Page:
To be fair, Obama admits he’s trying to marry short-term stimulus spending with, as he put it, investments that “lay the groundwork for long-term economic growth.”
But it’s a marriage that shouldn’t be saved.
Obama is trying to ram through his domestic agenda under the guise of a stimulus bill, and that’s not how it’s done. They need to scrap it, and start from scratch.
Byron York on Republican Momentum:
On Capitol Hill, you can feel the Republicans’ growing sense of confidence. They’ve scored a lot of hits on the stimulus bill, and now they’re aiming higher. “We’ll try to make the bill better,” Sen. Jim DeMint said a few moments ago, “but this bill is so bad…you can’t fix it by tweaking around the edges…The best thing to happen would be for President Obama to lead, to call a time out.” Several Republicans now want to throw the whole bill out and replace it with a package that is nearly all tax cuts — “twice the jobs at half the price.”
After the Republican news conference, I asked DeMint how many Republican senators oppose the bill — and how many might be won over by a minimum number of changes stripping the bill of its notorious spending provisions, rather than demanding a complete overhaul of the bill. “I think we’ve got nearly 100 percent of Republicans who are going to vote against this bill unless it is fundamentally changed to include real economic stimulus,” DeMint said. “I think just about every Republican has come around to the realization that this is a massive spending bill, it’s a grab bag full of the Democrats’ wish lists, and they’re shamefully using the economic troubles we’re having as a country as an excuse to pass their wish list of spending. I think as that grows on people, it makes them more and more outraged.”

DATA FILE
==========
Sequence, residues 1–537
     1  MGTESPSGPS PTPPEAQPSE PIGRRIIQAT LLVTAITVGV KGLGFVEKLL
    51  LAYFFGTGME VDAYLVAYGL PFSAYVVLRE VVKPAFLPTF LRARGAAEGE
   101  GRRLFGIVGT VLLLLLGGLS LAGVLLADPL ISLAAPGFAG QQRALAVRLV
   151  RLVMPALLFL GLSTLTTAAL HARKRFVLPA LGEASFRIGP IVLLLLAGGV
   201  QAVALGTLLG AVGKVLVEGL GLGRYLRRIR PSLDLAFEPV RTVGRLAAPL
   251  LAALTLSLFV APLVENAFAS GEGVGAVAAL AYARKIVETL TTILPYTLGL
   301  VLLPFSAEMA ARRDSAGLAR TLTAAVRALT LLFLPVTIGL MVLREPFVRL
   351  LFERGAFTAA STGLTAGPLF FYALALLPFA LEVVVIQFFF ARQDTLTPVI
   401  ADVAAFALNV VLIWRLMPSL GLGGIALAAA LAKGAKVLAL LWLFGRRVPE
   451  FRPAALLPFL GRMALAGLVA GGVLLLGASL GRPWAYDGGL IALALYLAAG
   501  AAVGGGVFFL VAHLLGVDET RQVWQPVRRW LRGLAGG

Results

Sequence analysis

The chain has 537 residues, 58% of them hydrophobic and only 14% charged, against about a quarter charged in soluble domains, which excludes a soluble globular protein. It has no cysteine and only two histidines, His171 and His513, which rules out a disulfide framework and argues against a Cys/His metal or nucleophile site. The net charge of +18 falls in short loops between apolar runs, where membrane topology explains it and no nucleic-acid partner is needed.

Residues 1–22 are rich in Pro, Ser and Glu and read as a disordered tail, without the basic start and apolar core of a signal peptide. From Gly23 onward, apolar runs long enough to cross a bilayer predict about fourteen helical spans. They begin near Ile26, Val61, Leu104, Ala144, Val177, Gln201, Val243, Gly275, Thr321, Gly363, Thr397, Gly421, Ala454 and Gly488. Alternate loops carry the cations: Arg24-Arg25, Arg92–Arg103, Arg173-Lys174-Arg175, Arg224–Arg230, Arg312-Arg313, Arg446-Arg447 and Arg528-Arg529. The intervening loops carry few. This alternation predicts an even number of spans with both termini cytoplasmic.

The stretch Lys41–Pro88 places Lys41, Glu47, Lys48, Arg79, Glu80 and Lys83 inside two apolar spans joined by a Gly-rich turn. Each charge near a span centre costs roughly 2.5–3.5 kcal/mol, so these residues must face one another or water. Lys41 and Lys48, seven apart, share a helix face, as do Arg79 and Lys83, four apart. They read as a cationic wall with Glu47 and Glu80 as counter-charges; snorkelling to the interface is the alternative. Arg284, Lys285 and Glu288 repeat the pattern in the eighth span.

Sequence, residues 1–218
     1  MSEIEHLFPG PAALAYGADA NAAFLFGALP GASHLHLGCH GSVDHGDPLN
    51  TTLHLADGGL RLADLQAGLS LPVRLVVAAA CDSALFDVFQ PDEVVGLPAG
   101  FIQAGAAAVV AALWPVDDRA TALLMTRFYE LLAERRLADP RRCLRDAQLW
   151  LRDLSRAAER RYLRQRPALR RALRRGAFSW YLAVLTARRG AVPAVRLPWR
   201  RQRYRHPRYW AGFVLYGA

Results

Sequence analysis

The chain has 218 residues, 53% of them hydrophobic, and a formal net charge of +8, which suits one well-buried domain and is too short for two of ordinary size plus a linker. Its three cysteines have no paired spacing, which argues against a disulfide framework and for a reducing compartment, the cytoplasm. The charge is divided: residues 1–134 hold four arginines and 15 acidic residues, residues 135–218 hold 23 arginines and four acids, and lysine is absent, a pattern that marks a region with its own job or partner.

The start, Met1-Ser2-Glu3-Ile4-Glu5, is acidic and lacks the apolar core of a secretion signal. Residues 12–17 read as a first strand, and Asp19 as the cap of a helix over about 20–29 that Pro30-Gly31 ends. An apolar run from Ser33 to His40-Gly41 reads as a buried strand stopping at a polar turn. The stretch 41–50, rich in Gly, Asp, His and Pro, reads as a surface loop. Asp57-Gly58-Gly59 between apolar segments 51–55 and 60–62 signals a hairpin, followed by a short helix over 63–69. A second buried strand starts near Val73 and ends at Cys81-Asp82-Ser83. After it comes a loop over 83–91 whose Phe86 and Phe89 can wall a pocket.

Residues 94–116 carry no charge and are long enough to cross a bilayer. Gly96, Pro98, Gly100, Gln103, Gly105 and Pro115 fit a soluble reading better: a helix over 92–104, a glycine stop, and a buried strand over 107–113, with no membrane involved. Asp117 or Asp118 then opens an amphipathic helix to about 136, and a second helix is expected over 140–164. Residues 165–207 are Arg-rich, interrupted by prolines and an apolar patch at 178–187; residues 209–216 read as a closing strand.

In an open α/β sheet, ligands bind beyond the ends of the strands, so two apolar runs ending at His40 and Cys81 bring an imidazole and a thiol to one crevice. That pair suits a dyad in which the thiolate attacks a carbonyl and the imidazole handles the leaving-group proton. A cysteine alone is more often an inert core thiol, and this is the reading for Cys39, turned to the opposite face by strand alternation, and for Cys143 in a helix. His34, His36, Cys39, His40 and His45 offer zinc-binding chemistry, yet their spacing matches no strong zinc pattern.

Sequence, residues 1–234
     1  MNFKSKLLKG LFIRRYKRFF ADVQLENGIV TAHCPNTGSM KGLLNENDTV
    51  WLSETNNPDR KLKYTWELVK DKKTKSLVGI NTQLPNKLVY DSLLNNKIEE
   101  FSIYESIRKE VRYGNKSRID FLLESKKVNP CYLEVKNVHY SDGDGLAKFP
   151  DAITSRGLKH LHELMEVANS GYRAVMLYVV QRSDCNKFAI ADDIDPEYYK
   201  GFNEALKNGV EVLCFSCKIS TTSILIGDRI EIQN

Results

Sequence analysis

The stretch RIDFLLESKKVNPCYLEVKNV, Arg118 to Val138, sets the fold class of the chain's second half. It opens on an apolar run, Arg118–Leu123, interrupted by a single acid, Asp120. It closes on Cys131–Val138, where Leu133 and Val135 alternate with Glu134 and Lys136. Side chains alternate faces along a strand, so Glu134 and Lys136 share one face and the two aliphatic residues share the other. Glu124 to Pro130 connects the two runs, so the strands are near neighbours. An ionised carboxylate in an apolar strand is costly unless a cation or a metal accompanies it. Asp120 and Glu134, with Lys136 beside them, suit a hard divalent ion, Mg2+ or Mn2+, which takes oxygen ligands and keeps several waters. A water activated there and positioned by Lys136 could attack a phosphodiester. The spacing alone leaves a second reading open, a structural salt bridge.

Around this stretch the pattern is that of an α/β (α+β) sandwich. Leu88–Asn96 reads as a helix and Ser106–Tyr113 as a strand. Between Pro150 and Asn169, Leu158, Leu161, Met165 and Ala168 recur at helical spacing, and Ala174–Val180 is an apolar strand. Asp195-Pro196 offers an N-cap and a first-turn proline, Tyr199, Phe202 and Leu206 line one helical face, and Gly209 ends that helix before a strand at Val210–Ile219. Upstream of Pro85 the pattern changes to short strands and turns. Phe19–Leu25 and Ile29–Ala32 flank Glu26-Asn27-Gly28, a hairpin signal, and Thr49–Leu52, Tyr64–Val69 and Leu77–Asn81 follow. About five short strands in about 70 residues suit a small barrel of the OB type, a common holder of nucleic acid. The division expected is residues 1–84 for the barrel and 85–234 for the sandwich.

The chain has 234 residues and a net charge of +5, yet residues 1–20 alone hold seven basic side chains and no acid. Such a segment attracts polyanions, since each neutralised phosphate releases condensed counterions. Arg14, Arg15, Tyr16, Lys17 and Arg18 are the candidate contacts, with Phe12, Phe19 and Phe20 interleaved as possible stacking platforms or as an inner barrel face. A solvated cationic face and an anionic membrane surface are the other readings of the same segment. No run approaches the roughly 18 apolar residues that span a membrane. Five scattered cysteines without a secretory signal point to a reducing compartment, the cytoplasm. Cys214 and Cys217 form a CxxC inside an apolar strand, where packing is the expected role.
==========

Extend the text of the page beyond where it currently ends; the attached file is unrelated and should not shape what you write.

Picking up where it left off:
I like it. I also like that conservatives are beating liberals by 100 to 1 in phone calls to the Senate.
Obama, no doubt noticing that the momentum is moving away from support for his “recovery plan”, has written an Oped for the Washington Post.
Nevermind the fact that with the MSM squarely on his side, there’s no need for the POTUS to write his own opeds. Yuvel Levin thinks it’s an odd move on Obama’s part for other reasons, too:
It makes a case for refusing to compromise on the stimulus bill that Obama is clearly about to compromise on, and it makes the argument of his opponents: that the bill is not really emergency legislation to give the economy a short-term boost but an ambitious move to enact a much larger long-term liberal agenda in one fell swoop rather than working through the normal legislative and budget process. Why not wait a day or two for a compromise measure to emerge in the Senate and then make a case for why it’s better than the original bill and how it reflects your bipartisan outreach and whatnot? Instead we have a collection of campaign talking points that don’t make much sense when you’re the guy running the show, and that will make you look weak when you accept a different bill later this month.
Our Country Deserves Better:
Stop the “Stimulus”
News reports indicate there may be an effort to pass the nearly $1 TRILLION pork-laden “stimulus” package TODAY. We’ve got to take immediate action to tell the Senate to VOTE NO on the “stimulus” plan.
The staff of the conservative group, Our Country Deserves Better Committee, has put together a database of phone numbers, fax numbers, and emails for each Senator. See the listing below, contact the two Senators from your state and if you want, work through the rest of the list as well. In terms of effectiveness, phone calls and faxes are most important, followed by emails.
Contact info for your Senators, here.